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Futures Contracts for Those Just Starting Out

Online Trading Academy
Thu Jun 12, 2014 09:28 EST

Over the last two years, Online Trading Academy has grown exponentially as a direct result of the introduction of the three-day market timing class. With this expansion, we have brought on many new students that had little or no experience in trading futures. For somebody that doesn't understand the futures market, initially, the first impression is that futures trading is "very risky." This can be true for any leverage asset class if the trader doesn't practice a sound low-risk, high-probability strategy.

Futures can be a great vehicle for generating daily and weekly income because of the leverage (roughly ten to fifteen to one). For example, a trader can control a one hundred troy ounce contract of gold (notional value of $124,000 at today's gold price) for a deposit of $6,600. The leverage gets even better for the Stock index futures contracts such as the E-mini S&P. The intraday margin is reduced to 25% of the full margin in most brokerage accounts. This means that a trader can control over $90,000 worth of the index for a mere $1,200 deposit in a futures account. Don't let these numbers frighten you as it's all about entering low-risk trades with a high probability. If this is the case, this type of leverage should get a trader excited about the potential opportunities. This alongside the fact that futures trade continuously 24 hours a day, five days a week also makes them an enticing vehicle for the working professional.

As is the case with all asset classes, futures come in variety of contract sizes and volatility levels. So the question for those starting out is this: "Which contracts can I trade that require lower margins and are less volatile?" Keep in mind that volatility can change very quickly, so a trader needs to adapt.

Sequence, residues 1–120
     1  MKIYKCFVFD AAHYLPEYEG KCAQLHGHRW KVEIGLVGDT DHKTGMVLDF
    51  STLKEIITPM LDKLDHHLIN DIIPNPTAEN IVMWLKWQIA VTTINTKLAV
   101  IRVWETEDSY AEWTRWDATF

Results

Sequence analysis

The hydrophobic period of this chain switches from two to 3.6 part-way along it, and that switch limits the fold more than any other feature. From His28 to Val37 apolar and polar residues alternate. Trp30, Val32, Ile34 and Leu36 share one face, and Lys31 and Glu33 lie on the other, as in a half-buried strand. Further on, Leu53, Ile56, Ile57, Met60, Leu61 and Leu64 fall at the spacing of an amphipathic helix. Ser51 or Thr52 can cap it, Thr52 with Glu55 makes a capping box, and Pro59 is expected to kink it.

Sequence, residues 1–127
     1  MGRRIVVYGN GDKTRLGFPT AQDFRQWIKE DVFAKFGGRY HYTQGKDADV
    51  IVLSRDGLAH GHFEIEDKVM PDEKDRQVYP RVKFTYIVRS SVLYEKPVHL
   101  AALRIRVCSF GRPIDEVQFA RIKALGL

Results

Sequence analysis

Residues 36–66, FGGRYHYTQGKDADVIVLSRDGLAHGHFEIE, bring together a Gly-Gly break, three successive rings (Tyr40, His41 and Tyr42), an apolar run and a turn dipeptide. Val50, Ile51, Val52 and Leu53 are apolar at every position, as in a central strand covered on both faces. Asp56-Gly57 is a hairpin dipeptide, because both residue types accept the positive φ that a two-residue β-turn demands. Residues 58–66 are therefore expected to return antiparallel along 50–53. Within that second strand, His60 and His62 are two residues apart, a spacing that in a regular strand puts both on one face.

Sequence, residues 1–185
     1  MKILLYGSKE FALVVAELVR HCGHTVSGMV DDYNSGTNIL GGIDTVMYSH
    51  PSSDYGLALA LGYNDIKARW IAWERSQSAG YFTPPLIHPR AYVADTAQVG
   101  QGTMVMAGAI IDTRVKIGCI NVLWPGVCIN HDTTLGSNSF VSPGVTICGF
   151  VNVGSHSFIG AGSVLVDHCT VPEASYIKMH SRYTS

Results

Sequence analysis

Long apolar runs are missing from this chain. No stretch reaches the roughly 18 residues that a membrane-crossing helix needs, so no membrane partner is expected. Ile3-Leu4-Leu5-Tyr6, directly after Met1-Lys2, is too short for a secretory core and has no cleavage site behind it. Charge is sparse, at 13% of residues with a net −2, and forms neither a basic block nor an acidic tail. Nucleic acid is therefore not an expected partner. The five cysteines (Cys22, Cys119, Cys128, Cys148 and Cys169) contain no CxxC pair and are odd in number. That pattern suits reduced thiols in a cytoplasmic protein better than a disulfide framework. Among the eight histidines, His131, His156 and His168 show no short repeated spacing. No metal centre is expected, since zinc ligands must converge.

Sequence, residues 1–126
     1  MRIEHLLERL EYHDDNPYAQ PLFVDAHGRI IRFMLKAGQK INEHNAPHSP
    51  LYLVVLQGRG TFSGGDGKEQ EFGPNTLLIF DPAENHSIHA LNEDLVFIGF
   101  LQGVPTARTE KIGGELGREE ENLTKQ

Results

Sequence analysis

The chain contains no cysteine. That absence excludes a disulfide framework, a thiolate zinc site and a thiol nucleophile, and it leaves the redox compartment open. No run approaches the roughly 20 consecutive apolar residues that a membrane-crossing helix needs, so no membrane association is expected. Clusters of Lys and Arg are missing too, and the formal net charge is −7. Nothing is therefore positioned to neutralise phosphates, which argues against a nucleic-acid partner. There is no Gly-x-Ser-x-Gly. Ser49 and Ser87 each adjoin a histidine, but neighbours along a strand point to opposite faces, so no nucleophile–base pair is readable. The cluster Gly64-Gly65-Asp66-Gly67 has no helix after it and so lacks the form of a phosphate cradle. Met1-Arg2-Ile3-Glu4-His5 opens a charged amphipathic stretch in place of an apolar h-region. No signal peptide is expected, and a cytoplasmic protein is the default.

Since most new futures traders are somewhat familiar with the stock market, a good place to start is in the stock index futures. The NASDAQ in particular is a good starting contract. The intraday margin is less than a thousand dollars, and it trades $5 per tick and $20 for a whole point. The liquidity is also very good in this contract as it trades on average of 400,000 contracts per day.

For those interested in the currencies futures, the British Pound and the Canadian dollar are also smaller, less volatile contracts that can be easier to trade for someone staring out. The BP (British pound) pays $6.25 per tick with a margin of less than $2,000. The CD (Canadian Dollar) is even lower in its margin requirements at around $1,300. It pays $10.00 per tick.

In the grain markets, the 5000 bushel Corn and Wheat contracts are also viable for the trader just starting out. These both have margins around $2,000 and pay $50 per point. The trading hours are somewhat unique, so make sure you check the CMEGroup website for the trading hours, and also make it a habit to ,check a commodities calendar at the beginning of every week for upcoming reports that may impact prices.

Lastly, the interest rate market is very important in the financial markets as its price movement can have ramifications throughout the global financial system. The 10-year US Treasury note contact is a contract that can be traded by the novice. This contract controls a notional value of $1,000 worth of the 10-year US Treasury note, and it has a margin that's roughly $1,300. It pays $15.625 per tick.

And there you have it. This is a small group of markets that I recommend for the trader learning a low-risk strategy. And as is the case when starting any new endeavor, make sure you initially practice on a simulator account to gain the practical application and confidence of the strategy. I hope this helps, and I look forward to seeing you in the classroom or the XLT rooms.


Editor's note: This story by Gabe Velazquez originally appeared on Online Trading Academy.

To read more from Online Trading Academy, see the following articles:,

The Mad Hatter and Market Illusions

Black OPS to Profit

What is Your Favorite Currency Pair to Trade?
 
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